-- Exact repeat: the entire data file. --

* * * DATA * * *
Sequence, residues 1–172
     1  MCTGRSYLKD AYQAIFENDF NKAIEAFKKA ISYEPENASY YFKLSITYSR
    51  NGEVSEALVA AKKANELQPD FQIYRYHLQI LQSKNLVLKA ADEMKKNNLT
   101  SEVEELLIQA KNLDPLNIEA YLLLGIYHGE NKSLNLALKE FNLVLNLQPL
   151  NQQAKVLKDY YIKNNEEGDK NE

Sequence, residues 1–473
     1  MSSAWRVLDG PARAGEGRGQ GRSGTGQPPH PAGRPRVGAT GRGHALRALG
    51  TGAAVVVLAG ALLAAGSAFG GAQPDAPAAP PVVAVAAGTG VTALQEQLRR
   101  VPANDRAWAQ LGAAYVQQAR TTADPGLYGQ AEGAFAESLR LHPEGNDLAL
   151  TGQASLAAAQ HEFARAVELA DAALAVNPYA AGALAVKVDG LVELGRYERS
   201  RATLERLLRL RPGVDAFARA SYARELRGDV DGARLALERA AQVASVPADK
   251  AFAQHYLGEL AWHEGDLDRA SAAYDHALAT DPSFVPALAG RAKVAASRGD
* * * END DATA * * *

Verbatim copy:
Sequence, residues 1–172
     1  MCTGRSYLKD AYQAIFENDF NKAIEAFKKA ISYEPENASY YFKLSITYSR
    51  NGEVSEALVA AKKANELQPD FQIYRYHLQI LQSKNLVLKA ADEMKKNNLT
   101  SEVEELLIQA KNLDPLNIEA YLLLGIYHGE NKSLNLALKE FNLVLNLQPL
   151  NQQAKVLKDY YIKNNEEGDK NE

Sequence, residues 1–473
     1  MSSAWRVLDG PARAGEGRGQ GRSGTGQPPH PAGRPRVGAT GRGHALRALG
    51  TGAAVVVLAG ALLAAGSAFG GAQPDAPAAP PVVAVAAGTG VTALQEQLRR
   101  VPANDRAWAQ LGAAYVQQAR TTADPGLYGQ AEGAFAESLR LHPEGNDLAL
   151  TGQASLAAAQ HEFARAVELA DAALAVNPYA AGALAVKVDG LVELGRYERS
   201  RATLERLLRL RPGVDAFARA SYARELRGDV DGARLALERA AQVASVPADK
   251  AFAQHYLGEL AWHEGDLDRA SAAYDHALAT DPSFVPALAG RAKVAASRGD